Posted on Dec 07, 2023, 3 p.m.
Eating fatty foods during stressful periods can impair the body’s recovery from the effects of stress, according to a study recently published in Frontiers in Nutrition and Nutrients. The findings show that consuming foods that are high in fat before a mentally stressful episode can reduce brain oxygenation and cause poor vascular function in adults.
“We took a group of young healthy adults and gave them two butter croissants for breakfast. We then asked them to do mental maths, increasing in speed for eight minutes, alerting them when they got an answer wrong. They could also see themselves on a screen whilst they did the exercise. The experiment was designed to simulate everyday stress that we might have to deal with at work or at home,” said Rosalind Baynham, a PhD researcher at the University of Birmingham and first author.
“When we get stressed, different things happen in the body, our heart rate and blood pressure go up, our blood vessels dilate and blood flow to the brain increases. We also know that the elasticity of our blood vessels – which is a measure of vascular function – declines following mental stress. We found that consuming fatty foods when mentally stressed reduced vascular function by 1.74% (as measured by Brachial Flow-mediated dilatation, FMD). Previous studies have shown that a 1% reduction in vascular function leads to a 13% increase in cardiovascular disease risk. Importantly we show that this impairment in vascular function persisted for even longer when our participants had eaten the croissants,” explained Baynham.
The researchers were able to detect reduced arterial elasticity in the participants up to 90 minutes after the stressful event concluded. Eating high-fat foods was also found to have attenuated cerebral oxygenation in the prefrontal cortex, with 39% reduced oxygenated hemoglobin (oxygen delivery) during stress compared to those who eat a low fat meal. Additionally, the fat consumption had a negative effect on mood during and after the stress episode.
“We looked at healthy 18–30-year-olds for this study, and to see such a significant difference in how their bodies recover from stress when they eat fatty foods is staggering. For people who already have an increased risk of cardiovascular disease, the impacts could be even more serious. We all deal with stress all the time, but especially for those of us in high-stress jobs and at risk of cardiovascular disease, these findings should be taken seriously. This research can help us make decisions that reduce risks rather than make them worse,” said Jet Veldhuijzen van Zanten, Professor of Biological Psychology at the University of Birmingham.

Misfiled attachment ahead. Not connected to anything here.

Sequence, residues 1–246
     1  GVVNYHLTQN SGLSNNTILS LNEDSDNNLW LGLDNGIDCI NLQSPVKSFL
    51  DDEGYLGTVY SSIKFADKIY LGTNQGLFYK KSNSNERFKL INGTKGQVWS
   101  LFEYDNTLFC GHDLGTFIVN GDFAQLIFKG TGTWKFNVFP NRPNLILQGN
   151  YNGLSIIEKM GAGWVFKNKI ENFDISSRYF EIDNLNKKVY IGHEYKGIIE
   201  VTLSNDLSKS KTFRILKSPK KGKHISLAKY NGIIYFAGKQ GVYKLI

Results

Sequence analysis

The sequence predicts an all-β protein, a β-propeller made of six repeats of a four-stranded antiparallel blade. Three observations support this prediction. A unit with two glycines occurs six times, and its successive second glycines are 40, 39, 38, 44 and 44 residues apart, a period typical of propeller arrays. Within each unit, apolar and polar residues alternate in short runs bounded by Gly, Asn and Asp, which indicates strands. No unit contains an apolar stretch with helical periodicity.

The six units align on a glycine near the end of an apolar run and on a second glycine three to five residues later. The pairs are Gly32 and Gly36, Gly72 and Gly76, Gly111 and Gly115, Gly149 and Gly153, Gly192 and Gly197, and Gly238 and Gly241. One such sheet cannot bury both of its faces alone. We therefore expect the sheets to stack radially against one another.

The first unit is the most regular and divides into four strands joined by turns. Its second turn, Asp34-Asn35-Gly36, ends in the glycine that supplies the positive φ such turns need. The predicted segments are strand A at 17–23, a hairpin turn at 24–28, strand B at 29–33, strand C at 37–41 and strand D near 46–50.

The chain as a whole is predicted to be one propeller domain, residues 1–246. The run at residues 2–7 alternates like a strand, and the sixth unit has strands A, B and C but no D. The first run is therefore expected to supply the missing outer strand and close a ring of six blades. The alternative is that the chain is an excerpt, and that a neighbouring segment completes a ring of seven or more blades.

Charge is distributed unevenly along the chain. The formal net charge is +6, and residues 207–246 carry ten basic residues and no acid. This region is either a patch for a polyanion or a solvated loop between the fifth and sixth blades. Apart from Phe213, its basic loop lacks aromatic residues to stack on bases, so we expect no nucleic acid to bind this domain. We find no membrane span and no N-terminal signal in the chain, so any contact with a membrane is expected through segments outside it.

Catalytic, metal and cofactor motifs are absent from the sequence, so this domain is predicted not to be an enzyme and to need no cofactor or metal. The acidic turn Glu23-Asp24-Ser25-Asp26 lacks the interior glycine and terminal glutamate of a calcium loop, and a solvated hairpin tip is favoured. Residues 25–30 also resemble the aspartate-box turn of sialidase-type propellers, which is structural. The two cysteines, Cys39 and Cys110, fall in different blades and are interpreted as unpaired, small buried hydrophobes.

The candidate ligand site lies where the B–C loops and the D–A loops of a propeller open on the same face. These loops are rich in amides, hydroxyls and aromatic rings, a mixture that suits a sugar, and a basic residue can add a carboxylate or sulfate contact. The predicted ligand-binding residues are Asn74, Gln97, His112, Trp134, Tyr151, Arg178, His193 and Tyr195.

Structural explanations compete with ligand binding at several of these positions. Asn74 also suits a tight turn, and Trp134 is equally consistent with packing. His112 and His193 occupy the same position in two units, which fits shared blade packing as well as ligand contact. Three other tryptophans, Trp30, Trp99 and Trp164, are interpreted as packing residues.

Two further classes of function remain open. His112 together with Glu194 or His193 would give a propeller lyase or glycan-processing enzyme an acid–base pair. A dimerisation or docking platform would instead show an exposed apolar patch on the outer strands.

Other research from the University of Birmingham team has demonstrated that consuming healthier foods, particularly those rich in polyphenols like berries, grapes, apples, cocoa, and other fruits and vegetables helps to prevent this impairment in vascular function.
“The impact of these foods during stressful periods cannot be understated. For example, reduced oxygenation to the brain could potentially impact mood and mental health, making people even more stressed. On the other hand, it could affect cognitive function and people’s ability to perform the very task they are stressing about, such as an interview, an exam or work meeting. This is something we would like to do more research into in the future,” said Dr Catarina Rendeiro, Assistant Professor in Nutritional Sciences at the University of Birmingham.
“Our studies show that food choices around stressful episodes can exacerbate or protect from the effects of stress on our cardiovascular system. The good news is that this means we can do something about this. We know that when people are stressed, they tend to gravitate towards higher-fat foods, either because it is the more convenient option if time is in short supply, or as a treat to deal with the stress. But by doing this, they are making their physical and psychological response to stress worse. By picking low-fat foods, they could be positioning themselves to cope with the stress more effectively,” said Rendeiro.
“The world is an incredibly stressful place right now, and even without outside factors such as war or a cost-of-living crisis, stress is something we all need to deal with. So, next time you are in a big meeting, or taking part in a job interview maybe try and resist the free biscuits and go for some berries instead. You might find you feel more relaxed and can cope with the stress just a little bit better,” concluded Baynham.
As with anything you read on the internet, this article should not be construed as medical advice; please talk to your doctor or primary care provider before changing your wellness routine. This article is not intended to provide a medical diagnosis, recommendation, treatment, or endorsement.
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